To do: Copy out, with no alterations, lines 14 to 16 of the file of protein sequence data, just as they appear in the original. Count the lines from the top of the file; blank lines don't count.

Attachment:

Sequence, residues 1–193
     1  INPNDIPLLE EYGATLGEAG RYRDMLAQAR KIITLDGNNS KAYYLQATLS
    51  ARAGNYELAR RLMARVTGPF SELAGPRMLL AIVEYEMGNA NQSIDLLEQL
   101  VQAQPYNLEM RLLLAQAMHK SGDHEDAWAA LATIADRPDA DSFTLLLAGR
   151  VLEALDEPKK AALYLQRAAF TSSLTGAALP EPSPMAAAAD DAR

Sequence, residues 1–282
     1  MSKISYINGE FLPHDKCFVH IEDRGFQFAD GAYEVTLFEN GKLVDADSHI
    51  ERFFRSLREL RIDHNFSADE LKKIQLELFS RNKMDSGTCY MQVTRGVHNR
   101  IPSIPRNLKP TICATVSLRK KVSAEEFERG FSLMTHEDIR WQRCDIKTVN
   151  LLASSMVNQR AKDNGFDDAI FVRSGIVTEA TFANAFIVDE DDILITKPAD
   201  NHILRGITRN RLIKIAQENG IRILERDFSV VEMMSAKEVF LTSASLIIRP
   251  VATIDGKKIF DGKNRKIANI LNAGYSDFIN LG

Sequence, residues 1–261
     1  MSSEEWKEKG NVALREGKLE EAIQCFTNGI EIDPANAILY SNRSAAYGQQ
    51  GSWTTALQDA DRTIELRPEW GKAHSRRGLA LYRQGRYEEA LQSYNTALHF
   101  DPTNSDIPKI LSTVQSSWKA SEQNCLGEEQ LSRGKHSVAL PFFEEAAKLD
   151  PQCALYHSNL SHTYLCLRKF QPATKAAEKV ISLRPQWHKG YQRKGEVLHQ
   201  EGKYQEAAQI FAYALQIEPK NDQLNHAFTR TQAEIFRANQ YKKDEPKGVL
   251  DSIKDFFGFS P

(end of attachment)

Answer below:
     1  MSSEEWKEKG NVALREGKLE EAIQCFTNGI EIDPANAILY SNRSAAYGQQ
    51  GSWTTALQDA DRTIELRPEW GKAHSRRGLA LYRQGRYEEA LQSYNTALHF
   101  DPTNSDIPKI LSTVQSSWKA SEQNCLGEEQ LSRGKHSVAL PFFEEAAKLD